[Gc] Correct, portable array cleanup?
ntoronto at cs.byu.edu
Tue Apr 19 03:04:24 PDT 2005
Okay, so I'm new and spamming the list already, but I think I may be
onto something. From gc_cpp.h:
"Implementing clean-up of arrays correctly, portably, and in a way that
preserves the correct exception semantics requires a language extension,
e.g. the 'gc' keyword."
I've made a stab, and I don't know enough about exception semantics to
say this is correct, but I think it is. (What ARE correct exception
semantics during garbage collection?)
I've put the first draft online here:
array<A> a(10); // allocates an array of 10 elements, handle is 'a'
array<B> b(5, "Ha ha"); // allocates an array of 5 elements, handle 'b',
calls B::B(const char*) for each
for (int i = 0; i < a.size(); i++)
a[i] = ...
... = b[i];
Advantages over naked pointers:
- Objects in the array have destructors called when the array is GCd.
- Can't point at an array of descendants with a base pointer. For example:
class B : public A;
A* p = new B; // compiles fine - icky, bad and evil
array<A> p = array<B>(20); // illegal - can't convert from array<B> to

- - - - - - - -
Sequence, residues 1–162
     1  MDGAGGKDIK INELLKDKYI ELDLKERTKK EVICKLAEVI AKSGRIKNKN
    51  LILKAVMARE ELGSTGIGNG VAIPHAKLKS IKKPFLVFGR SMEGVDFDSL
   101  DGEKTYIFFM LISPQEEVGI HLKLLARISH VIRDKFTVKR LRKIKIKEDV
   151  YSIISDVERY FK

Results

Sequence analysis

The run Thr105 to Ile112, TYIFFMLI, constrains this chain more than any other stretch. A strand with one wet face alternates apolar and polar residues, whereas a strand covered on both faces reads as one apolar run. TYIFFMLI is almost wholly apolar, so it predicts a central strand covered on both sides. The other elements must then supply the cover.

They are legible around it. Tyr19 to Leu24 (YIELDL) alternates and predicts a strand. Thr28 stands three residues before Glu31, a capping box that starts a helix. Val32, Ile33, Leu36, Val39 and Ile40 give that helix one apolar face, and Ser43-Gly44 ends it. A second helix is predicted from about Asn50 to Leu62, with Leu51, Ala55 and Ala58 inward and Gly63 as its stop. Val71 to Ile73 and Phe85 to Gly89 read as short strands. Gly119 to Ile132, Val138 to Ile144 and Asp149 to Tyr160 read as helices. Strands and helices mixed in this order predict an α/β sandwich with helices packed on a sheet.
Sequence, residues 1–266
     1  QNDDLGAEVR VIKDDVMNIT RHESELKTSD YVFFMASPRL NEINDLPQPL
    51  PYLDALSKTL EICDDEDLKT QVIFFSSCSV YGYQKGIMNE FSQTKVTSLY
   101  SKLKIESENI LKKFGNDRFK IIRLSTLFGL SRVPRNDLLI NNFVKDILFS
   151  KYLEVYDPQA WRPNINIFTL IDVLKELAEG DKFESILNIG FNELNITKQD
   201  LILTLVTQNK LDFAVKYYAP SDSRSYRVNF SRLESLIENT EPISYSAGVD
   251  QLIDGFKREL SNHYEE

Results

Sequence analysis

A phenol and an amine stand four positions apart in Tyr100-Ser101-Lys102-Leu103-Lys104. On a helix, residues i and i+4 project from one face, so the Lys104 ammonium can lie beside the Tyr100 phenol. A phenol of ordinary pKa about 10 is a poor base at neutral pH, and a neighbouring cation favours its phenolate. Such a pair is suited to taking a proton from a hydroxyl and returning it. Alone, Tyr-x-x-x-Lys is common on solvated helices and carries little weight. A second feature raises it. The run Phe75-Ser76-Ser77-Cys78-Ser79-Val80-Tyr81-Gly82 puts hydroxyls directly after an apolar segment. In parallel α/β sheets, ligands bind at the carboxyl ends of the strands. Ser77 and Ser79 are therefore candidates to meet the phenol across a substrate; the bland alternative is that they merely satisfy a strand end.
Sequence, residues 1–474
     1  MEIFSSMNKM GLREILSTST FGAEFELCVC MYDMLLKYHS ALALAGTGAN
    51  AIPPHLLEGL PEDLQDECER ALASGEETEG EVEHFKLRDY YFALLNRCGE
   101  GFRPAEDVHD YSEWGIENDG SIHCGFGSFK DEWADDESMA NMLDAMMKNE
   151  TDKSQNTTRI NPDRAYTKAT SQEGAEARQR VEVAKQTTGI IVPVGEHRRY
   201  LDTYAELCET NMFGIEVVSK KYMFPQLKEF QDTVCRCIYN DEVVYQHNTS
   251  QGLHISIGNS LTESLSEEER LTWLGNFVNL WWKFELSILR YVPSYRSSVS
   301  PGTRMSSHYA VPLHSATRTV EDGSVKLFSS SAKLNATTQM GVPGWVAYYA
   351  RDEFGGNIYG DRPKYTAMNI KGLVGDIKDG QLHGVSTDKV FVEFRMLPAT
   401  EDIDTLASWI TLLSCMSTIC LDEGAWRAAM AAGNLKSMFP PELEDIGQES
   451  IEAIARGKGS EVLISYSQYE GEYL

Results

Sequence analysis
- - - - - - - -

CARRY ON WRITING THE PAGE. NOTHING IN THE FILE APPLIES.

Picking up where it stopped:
- Bounds-checked access and NULL-pointer check when NDEBUG isn't defined.
- Exception-safe allocation (can safely use "array<T_>(...)" as a
function parameter - see http://www.gotw.ca/gotw/056.htm -
"Exception-Safe Function Calls").
- Takes as much space as a naked pointer (sizeof(array<T_>) == sizeof(T_*)).
- Extra level of indirection - access is slower (working on this with a
placement-new solution - hopefully I can make it portable)
- Contained object constructors are limited to 20 arguments (can be
expanded to arbitrary numbers using recursion a la Boost)
Since I haven't played with the collector much, comments are very welcome.
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